In the lead-up to the deadline for the 7th Annual Feature Shoot Emerging Photography Awards this summer, we’re interviewing several of our extraordinary jurors, who range from leading photographers to prominent curators and lifelong educators. Erik Vroons is a multi-hyphenate; in addition to serving as Editor-at-large for the international contemporary photography platform GUP and Chief editor for the print edition of GUP Magazine, he frequently collaborates with and mentors up-and-coming artists. We recently had the chance to ask him a few questions.
How did you first land at GUP, and what has been one of your favorite memories from your time there?
“I came to the magazine in 2010, shortly after finishing my MA in Photographic Studies at Leiden University. Initially, I offered my support as an author–my ambition was to contribute by writing articles and critical reviews–but soon enough, I was asked to function as the editor in chief. This sounds like an incredible promotion, but the team has always been really small and the function was mainly intended to make for a smoother curatorial workflow.
“I remember how we have had offices in all sorts of ‘anti-squad’ locations in Amsterdam, but we are currently back where it all started for me, occupying the floor above the Kahmann Gallery (Mr. Roy Kahmann is the founder and directing manager of GUP). We don’t do many editorial meetings, but when we meet, it always ends in a happy chaos that ignites the production process of a next print edition.”
What do you look for when selecting work for GUP? What makes a photographer stand out in your eyes?
“We decided long ago that we won’t do open calls, and all featured works are therefore arriving from our own research. GUP stands for ‘Guide to Unique Photography’, which indicates that we are functioning as a source of inspiration and we ambition to highlight a wide range of styles and genres in photography, and related exhibitions and publications. But to be interesting for us, a work really needs to have an outstanding autonomous quality, making for the ‘unique’ factor that we care for. Whether those works are produced by established or emerging artists is of a lesser concern. We like to serve artists from all stages in their career and also arriving from all ends of the planet.
What have been the most significant changes you’ve observed in the photo industry in recent years, and what changes do you see on the horizon?
“The photo industry seems to be struggling with finding a sustainable business model for itself, but the lack of it also gives way to all sorts of creative endeavors. Nowadays, as an artist, you do not necessarily need to be connected but rather manage your own online platforms (website, Instagram, social media etc.). Within the realm of the art world, a work gets noticed not necessarily by traditional forms of aesthetics but more by indicating smart appropriations of genre convention.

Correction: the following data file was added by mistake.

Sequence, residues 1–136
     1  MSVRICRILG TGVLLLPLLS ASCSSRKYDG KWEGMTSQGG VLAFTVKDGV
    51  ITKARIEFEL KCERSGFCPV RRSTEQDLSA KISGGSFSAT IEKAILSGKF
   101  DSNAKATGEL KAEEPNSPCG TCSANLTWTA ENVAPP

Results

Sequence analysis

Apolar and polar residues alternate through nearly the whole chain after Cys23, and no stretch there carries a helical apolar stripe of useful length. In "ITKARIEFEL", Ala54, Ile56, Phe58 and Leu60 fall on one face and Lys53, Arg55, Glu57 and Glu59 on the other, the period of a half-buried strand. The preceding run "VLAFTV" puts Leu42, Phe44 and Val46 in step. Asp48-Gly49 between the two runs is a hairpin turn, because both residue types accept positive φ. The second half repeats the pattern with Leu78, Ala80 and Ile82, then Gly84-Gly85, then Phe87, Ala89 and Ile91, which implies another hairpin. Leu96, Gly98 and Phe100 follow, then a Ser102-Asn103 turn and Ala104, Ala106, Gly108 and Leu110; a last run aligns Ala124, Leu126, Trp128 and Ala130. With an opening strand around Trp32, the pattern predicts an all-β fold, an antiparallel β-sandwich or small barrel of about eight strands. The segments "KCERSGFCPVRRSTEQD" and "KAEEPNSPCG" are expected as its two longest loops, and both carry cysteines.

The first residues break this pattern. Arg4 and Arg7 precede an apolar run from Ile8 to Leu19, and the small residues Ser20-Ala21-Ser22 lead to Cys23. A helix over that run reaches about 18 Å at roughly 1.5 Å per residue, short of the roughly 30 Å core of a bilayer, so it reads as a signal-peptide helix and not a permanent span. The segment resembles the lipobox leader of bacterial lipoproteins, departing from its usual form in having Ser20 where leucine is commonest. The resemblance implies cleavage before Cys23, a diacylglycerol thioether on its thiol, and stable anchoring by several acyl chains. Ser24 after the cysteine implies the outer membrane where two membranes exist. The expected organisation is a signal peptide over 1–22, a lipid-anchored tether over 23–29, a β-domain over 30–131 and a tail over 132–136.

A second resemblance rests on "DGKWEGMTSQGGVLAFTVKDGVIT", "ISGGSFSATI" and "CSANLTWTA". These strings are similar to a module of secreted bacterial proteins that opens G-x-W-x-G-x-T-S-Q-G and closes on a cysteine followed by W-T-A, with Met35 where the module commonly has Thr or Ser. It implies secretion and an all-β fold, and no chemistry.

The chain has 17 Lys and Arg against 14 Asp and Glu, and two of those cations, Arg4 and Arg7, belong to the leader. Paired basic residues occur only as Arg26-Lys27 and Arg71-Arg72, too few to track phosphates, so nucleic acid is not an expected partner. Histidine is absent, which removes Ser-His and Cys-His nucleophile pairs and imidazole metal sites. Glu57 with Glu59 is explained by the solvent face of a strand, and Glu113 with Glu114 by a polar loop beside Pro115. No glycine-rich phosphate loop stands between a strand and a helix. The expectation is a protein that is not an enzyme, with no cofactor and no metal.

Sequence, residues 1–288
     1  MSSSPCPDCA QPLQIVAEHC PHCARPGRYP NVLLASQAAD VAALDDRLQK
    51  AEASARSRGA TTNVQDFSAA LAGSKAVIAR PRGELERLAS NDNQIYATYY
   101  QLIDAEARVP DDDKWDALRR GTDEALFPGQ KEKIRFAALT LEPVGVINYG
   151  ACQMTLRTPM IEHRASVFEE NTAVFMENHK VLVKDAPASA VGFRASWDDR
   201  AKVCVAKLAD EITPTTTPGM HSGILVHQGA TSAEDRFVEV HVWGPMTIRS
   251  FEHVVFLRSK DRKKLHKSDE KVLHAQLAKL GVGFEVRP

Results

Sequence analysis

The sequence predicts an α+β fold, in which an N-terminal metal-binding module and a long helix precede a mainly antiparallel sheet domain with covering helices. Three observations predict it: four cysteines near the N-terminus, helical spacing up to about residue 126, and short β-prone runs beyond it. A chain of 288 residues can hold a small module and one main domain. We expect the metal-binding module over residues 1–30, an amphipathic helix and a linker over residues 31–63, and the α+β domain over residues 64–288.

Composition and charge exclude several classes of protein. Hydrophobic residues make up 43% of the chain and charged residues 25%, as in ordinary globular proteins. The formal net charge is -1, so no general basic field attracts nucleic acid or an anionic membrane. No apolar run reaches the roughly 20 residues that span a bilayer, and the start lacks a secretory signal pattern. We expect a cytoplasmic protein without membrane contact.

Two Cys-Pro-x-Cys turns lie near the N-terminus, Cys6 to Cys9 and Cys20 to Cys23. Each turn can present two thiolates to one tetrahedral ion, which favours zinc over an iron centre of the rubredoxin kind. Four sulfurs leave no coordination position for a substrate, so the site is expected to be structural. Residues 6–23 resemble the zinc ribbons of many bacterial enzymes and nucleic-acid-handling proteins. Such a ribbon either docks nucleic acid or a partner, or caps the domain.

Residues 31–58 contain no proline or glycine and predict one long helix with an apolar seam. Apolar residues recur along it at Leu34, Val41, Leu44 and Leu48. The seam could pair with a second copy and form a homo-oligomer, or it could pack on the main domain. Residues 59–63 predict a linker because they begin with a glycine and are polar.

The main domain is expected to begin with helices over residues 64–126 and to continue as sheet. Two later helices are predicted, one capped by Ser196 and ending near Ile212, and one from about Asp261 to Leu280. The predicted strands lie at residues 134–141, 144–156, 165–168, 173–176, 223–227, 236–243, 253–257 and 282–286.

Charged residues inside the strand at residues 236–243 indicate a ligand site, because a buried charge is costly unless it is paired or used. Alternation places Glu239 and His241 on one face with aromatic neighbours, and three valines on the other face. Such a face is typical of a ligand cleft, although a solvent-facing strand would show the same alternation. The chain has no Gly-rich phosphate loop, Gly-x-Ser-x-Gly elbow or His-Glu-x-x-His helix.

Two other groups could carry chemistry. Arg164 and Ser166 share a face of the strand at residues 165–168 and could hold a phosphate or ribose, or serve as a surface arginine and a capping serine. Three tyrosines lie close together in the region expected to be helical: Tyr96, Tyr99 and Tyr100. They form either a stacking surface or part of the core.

“Within the realm of documentary, I see all sorts of conceptualizations that stimulate a certain way of storytelling–often supported by secondary resources/archives–and I am convinced that these multi-media approaches are here to stay. Meanwhile, I think there will continue to be a niche market for the more ‘pictorial’ expressions in photography, but the sales of such is already proving to be a tough market.
You’ve also mentored photographers. What advice would you give for emerging photographers in 2021?
“If the COVID pandemic has learned us anything, I think it is that we need to be focusing on the things that make us happy. My advice to anyone who feels the need for it: don’t aim for golden medals. Embrace the art of training, so that you feel that you are mentally growing and arrive at a better understanding of the world. If you cannot deal with the financial uncertainty and stress of the creative process, then perhaps being an autonomous artist is not for you.”
What do you hope to see in submissions for this year’s Emerging Photography Awards? Anything in particular that you’ll be keeping an eye out for?
“I always hope to stumble on things that I would not be able to expect. I do have a deep appreciation for all sorts of obsessions and nerdy subject matters–and also all sorts of creative trespassing off the beaten paths.”
Submit to the Feature Shoot Emerging Photography Awards by August 31st for a chance to exhibit your work in the streets of NYC and LA (single images) or as part of gallery shows in Berlin and Paris (series). Erik Vroons is one of our series judges this year. Learn more about this year’s jury by visiting our website.